TEACHER: The One Who Made the Difference, By Mark Edmundson, Random House: 280 pp., $23.95
Anyone who opens "Teacher" expecting a sepia-toned tale of inspiration and uplift, a highbrow version of "Dead Poets Society" or "Tuesdays With Morrie," will be disappointed. Despite its treacly subtitle ("The One Who Made the Difference"), Mark Edmundson's memoir is an unsentimental account of his intellectual awakening in 1969, the year a freshly minted Harvard graduate named Franklin Lears came to anarchic Medford High School in Massachusetts to teach philosophy.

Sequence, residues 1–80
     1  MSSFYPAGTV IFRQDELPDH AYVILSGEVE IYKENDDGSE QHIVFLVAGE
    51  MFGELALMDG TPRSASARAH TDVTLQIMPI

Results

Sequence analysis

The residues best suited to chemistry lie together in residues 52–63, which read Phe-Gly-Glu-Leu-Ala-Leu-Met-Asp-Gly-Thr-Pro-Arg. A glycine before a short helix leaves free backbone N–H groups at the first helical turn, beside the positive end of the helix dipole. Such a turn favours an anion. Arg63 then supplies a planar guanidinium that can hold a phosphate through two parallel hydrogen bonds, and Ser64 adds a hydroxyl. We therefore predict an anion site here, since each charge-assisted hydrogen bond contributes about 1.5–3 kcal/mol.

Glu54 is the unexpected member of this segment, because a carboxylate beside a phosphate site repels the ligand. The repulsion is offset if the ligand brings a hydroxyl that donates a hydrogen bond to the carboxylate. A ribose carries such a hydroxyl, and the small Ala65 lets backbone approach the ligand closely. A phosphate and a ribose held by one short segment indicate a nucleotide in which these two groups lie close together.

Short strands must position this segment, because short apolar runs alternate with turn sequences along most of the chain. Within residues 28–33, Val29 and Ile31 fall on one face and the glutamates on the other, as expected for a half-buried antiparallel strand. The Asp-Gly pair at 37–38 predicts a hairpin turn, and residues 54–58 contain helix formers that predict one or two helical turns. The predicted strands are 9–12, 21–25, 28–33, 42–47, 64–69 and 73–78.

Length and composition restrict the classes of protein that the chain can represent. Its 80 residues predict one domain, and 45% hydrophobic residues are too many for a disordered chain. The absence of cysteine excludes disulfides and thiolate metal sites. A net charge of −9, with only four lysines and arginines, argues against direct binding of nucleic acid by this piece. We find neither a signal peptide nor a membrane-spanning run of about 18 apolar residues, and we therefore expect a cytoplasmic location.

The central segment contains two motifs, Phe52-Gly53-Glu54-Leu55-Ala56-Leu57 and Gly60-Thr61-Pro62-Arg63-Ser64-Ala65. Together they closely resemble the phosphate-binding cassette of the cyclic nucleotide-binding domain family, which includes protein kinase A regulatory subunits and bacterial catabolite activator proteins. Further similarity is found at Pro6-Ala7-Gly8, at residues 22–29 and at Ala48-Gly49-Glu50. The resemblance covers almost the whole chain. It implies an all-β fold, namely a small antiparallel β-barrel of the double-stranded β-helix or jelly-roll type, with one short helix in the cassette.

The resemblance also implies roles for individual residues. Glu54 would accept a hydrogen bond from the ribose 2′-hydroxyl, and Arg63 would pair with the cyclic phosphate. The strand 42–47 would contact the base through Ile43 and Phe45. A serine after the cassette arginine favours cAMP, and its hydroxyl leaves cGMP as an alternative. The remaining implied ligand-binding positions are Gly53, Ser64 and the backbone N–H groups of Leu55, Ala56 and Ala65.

Swiftly dispensing with what he dubs the "Mr. Chips-Robin Williams myth" of the selfless mentor who transforms the lives of a hapless bunch of kids, Edmundson offers a vivid account of how Lears influenced a miserable, moody adolescent ("one of the least appealing figures to have traversed the earth's crust") who was sleepwalking through his high school years. "Teacher" is the book Holden Caulfield might one day have written had he successfully completed therapy and gotten a PhD in English. The literary price Edmundson pays for this verisimilitude is that he occasionally lapses into the characteristic excesses of a typical high school student, filling out his relatively slight story with windy digressions, braggadocio and all-around goofiness, but this is small.